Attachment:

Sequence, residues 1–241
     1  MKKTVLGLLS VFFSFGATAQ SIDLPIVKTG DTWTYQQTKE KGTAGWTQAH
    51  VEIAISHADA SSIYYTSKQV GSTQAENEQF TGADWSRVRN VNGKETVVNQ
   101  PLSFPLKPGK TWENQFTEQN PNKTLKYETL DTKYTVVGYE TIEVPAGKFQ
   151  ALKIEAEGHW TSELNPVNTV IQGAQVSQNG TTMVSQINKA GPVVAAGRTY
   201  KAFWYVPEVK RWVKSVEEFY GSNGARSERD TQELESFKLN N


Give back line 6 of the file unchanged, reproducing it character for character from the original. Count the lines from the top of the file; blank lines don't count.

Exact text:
   201  KAFWYVPEVK RWVKSVEEFY GSNGARSERD TQELESFKLN N